Published November 18, 2019, 12:00 AM

by manilabulletin_admin

By Ben Rosario

An irate Iloilo lawmaker on Monday vowed to call for a congressional inquiry into the blackouts that hit Iloilo City for two days last month.

The Joint Session of the Senate and the House of Representatives on the extension of Martial Law in Mindanao commences in the Plenary of the Batasang Pambansa on December 13, 2017. (ALVIN KASIBAN / MANILA BULLETIN)
(MANILA BULLETIN FILE PHOTO)

Iloilo City Rep. Julienne Baronda said both the Department of Energy and the Panay Electric Co. owe the public an explanation.  She vowed to call for the exercise of congressional oversight if local officials are not convinced with the explanation.

City officials have blamed PECO, the sole power distributor in the city, for alleged negligence that led to the debilitating power situation on October 29 and 30.

“On the issue of recent blackouts we have written the DOE seeking for its thorough explanation on the October29 and October 30 incidents. Should the explanations of these agencies turn out to be wanting, we might exercise the congressional oversight power of the House Committee on Energy,” she said.

Earlier, Baronda urged the Energy Regulatory Commission to speed up the resolution of the complaint filed by the Iloilo City government against PECO in connection with pole fires that threatened the city.

“We understand that ERC is already attending to the complaints lodged against PECO.  We will check with ERC about the status of the complaints,” she said.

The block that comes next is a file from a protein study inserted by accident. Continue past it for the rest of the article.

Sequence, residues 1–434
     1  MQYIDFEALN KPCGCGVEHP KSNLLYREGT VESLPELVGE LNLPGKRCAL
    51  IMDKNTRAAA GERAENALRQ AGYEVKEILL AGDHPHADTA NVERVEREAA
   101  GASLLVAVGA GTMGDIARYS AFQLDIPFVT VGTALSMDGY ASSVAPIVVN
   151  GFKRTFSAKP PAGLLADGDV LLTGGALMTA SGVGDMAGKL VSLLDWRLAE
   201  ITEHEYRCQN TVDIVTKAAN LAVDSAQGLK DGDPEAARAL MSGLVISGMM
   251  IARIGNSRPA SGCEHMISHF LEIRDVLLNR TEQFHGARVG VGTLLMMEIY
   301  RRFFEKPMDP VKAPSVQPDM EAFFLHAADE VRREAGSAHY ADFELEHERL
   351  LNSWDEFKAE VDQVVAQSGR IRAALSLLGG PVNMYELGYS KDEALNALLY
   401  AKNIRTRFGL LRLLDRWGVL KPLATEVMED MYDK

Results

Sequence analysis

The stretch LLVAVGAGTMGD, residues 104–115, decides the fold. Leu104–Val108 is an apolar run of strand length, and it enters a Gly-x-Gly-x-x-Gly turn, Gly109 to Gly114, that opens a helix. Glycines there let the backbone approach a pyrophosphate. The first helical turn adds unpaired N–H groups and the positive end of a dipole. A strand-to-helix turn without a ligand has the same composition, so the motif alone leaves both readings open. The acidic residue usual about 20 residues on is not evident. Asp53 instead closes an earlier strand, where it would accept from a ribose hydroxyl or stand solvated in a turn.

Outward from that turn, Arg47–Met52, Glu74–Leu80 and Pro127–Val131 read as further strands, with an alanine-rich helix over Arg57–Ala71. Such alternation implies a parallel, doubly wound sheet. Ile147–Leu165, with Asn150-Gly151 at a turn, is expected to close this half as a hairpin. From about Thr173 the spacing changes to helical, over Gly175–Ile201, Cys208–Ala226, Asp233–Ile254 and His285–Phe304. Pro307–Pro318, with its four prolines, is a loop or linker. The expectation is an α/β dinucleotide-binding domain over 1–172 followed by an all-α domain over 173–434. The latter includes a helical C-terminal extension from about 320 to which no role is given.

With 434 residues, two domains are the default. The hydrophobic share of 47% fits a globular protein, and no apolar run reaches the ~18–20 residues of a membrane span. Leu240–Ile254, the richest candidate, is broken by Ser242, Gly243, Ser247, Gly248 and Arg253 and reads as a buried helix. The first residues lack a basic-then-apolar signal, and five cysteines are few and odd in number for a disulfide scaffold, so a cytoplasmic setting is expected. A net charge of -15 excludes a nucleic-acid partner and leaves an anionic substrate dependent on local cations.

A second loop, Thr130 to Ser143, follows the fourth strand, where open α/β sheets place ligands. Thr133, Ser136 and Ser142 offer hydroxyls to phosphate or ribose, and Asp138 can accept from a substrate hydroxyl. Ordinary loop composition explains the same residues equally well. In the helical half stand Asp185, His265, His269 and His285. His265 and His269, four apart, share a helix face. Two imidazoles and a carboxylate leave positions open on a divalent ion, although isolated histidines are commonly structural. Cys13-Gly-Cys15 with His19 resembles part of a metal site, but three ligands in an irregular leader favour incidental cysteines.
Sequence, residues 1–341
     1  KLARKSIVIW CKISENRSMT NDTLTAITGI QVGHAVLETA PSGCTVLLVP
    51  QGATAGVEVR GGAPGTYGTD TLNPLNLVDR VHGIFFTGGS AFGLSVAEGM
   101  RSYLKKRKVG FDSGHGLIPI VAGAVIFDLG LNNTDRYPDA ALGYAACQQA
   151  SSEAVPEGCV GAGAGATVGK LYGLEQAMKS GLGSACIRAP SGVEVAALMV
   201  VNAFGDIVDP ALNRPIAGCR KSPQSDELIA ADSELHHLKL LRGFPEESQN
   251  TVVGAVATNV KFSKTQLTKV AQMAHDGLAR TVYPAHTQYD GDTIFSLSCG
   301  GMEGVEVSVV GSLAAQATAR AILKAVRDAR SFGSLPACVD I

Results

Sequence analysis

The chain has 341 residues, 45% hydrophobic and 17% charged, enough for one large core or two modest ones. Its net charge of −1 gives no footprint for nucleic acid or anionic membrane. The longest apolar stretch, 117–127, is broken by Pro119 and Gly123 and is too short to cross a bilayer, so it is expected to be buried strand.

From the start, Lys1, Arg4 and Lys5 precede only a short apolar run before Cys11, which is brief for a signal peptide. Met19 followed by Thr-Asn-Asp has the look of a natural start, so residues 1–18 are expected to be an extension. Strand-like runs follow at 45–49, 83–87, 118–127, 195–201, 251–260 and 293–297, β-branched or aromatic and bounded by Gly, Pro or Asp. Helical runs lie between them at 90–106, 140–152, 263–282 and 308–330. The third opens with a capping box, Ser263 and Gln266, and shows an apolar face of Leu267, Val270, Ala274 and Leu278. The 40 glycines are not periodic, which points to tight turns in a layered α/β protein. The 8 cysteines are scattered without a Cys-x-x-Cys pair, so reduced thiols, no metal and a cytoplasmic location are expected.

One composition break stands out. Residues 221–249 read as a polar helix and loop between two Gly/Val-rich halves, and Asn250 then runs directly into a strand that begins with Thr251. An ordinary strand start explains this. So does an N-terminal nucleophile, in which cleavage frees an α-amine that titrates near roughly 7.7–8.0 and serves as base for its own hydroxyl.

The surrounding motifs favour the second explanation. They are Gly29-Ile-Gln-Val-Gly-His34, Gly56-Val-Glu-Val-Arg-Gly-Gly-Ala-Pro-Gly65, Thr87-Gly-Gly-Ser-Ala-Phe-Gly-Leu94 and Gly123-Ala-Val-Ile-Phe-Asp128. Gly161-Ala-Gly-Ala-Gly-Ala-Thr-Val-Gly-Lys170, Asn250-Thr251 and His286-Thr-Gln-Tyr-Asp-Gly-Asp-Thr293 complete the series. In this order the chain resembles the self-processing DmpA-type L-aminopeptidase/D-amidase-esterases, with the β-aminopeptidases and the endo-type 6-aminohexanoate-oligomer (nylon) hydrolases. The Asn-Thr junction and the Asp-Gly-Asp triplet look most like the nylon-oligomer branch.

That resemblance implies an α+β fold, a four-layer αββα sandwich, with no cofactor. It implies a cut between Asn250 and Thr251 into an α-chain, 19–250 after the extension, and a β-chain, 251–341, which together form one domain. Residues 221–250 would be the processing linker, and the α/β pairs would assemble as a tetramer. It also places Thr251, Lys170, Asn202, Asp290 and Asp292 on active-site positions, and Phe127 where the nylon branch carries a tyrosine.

Baronda noted that Iloilo City Fire Marshal Inspector Christopher Regencia has reported that at least 1,464 cases out of the 2887 incidents of fire in the city since 2014 were caused by faulty electricity wiring in street poles.

Regencia’s claim formed the basis for Mayor Jerry Trenas to ask the ERC to investigate PECO.

Regencia insisted that based on his experience, street pole fires are cause by high-voltage electric wires and not by the low voltage wires put up by telecommunication and cable TV companies with the same poles.

In his report, Regencia said the public safety threat should be addressed immediately.

In his complaint Trenas chided PECO for the “inadequately-maintained lines, power outages and hazardous electric posts” because of the numerous and continuing cases of electricity pole fires in the city.

BFP records submitted by Regencia to the ERC showed that from Jan. 1, 2014 to Oct. 29, 2019, a total of 2,887 fire incidents occurred in Iloilo City, with pole fires numbering 1,464 cases, or 51.187 percent of all fire incidents during the almost six-years period.

Two hundred and twenty-four pole fires occurred out of the 427 fire incidents in 2014, while 228 cases of pole fires happened in 2015, 303 cases in 2016, 275 incidents in 2017 and another 233 pole fires in 2018.

A total of 201 pole fires erupted in the city from January to October 27, 2019, and the cases continue to rise even as more similar incidents happen,

The fire department listed the official reason for these incidents as “Short Circuit Secondary Service Lines,” which basically meant exposed electricity wires bursting into flames after short circuiting and burning the wooden poles where they were connected.

 
CLICK HERE TO SIGN-UP